Letting go of a book is not easy for writers, a speaker told his audience at a West Coast writers’ conference a few summers ago. It was the last day of the Community of Writers at Squaw Valley workshops, and everyone was getting ready to head home to their writing rooms. The speaker, a successful novelist, wanted to give his audience some encouragement.

Barbara Falconer Newhall manuscript, "Wrestling with God" is on her desk waiting for her to sit down on her stability ball and get to work on it. Photo by Barbara Newhall

My manuscript awaits me. Photo by Barbara Newhall

Finishing a book is a challenge, he said. That’s because when we first get that idea for a book, we have such big, gleaming plans for it. We envision a work in which the language will sing, the plot will dazzle, the characters will get up and walk off the page. It will be perfect.

But the closer we get to finishing the manuscript, the clearer it becomes that what we’ve written is just a book. A pretty good book maybe, but one that, like ourselves, is far short of perfect.

We aren’t Shakespeare, it turns out. We’re just usins.

Come to think of it, maybe even Shakespeare wasn’t Shakespeare. Maybe he had a heck of a good editor. Maybe he had lots of good editors. Or perhaps he crowd-sourced his work. Maybe he never finished anything, but kept one ear to his audiences, writing and rewriting his plays until they couldn’t help but turn into masterpieces.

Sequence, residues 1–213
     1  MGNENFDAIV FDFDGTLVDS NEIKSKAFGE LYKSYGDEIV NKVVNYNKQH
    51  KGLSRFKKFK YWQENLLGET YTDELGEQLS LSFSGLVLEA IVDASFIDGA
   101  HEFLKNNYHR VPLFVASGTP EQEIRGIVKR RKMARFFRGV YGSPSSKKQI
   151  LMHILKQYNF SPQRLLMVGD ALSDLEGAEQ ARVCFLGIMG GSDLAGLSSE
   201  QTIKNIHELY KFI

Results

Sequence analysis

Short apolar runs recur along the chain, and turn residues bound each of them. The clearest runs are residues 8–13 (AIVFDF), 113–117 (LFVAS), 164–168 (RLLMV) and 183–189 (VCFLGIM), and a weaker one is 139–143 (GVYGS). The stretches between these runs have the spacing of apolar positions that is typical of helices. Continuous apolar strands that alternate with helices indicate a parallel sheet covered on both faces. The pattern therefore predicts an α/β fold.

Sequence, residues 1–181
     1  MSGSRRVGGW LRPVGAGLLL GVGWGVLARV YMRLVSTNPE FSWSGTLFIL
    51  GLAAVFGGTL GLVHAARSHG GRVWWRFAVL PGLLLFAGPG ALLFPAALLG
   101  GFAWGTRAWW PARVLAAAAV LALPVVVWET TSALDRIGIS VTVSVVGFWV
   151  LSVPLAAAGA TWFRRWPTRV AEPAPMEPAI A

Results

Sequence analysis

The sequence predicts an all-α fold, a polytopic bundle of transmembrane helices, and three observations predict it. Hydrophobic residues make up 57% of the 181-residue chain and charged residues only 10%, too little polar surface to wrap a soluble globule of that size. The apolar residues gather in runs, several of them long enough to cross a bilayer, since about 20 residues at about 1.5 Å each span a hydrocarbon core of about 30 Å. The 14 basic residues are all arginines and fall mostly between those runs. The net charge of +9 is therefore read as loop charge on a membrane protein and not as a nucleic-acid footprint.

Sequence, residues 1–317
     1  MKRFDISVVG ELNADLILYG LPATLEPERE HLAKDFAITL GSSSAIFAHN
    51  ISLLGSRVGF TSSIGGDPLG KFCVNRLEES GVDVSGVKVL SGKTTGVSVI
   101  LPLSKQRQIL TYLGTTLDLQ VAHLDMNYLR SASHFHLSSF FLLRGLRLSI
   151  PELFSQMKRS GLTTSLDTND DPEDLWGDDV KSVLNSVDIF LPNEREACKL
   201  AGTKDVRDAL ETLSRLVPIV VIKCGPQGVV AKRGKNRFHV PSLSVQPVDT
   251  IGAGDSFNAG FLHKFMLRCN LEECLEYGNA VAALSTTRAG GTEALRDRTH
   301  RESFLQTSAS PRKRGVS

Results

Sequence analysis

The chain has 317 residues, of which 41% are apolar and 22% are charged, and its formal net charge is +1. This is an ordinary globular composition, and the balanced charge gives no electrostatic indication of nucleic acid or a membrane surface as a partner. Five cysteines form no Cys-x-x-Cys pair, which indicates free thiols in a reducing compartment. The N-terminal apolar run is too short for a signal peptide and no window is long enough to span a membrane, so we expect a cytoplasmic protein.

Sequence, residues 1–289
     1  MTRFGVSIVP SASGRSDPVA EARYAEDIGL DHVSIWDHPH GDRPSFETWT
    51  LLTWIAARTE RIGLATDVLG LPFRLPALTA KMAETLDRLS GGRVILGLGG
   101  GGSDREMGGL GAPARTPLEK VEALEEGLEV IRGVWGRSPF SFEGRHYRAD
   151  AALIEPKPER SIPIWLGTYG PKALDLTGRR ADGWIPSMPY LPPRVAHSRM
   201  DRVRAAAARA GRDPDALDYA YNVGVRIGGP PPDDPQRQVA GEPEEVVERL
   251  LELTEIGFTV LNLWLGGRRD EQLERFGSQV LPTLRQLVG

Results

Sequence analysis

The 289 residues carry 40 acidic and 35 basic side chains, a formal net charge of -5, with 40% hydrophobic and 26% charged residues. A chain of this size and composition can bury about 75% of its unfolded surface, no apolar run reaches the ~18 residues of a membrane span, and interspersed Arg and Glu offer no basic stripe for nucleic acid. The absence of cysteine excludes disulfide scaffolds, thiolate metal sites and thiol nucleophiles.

That’s it. Enough procrastination! My editor is waiting for this manuscript. (That’s another thing editors are good for — giving you deadlines so you get things done.) I’m going to roll my stability ball over to my writing desk right now and sit on it. I’m going to grab a pencil and start slogging through that print-out.

But first, I think I’ll sharpen some pencils.

Read about other manuscript milestones at “Yea! A Book Contract for ‘Wrestling with God'” and “Yippee! I Did It. I Finished My Book.”




  1. Cheryl McLaughlin says:

    Just saw this piece and loved it! It’s even better to read it now that you have that book (you finally finished and let go) in your hands, your purse, or anywhere you’re ready to go and spread the word!

  2. David Stirrat says:

    Well done, Barbara! Fabulous job 🙂

  3. My friend Jache reports seeing this headline: “Liberian Leader Reported to Fire Officials for Defying Ebola Order.”

  4. George Alvarez-Bouse—Jache says:

    Yes, editors. An aid most of us who write do not have. Probably if they were there to look over our shoulders during our reading, research, and writing, we could avoid many of the corrections needed later. It seems to me that once you determine that your arguments are thoroughly prepared and logically aligned, then you check them one-by-one to make certain they square with the thesis. And look at your opening to see that it points in a gripping way toward it. I wish you well with all of that. P.S. Your use of ‘riff’ is apt I think; less expressive is your ‘slog’. The latter lacks ‘for me’ a sense of deliberation.

    • Thanks, Jache. Before I had an editor I had lots and lots of writer friends and a couple of writing groups. We exchanged manuscripts and gave critiques. It was helpful to think of these friends as “readers” rather than editors. Less of a looking-over-my-shoulder feel to their feedback.

  5. Congrats, Barbara! What an accomplishment – what a slog. Can’t wait to hear what comes next!

  6. Mike Shaler says:

    A wonderfully rendered ah ha moment in process. Thanks for this one, Barbara.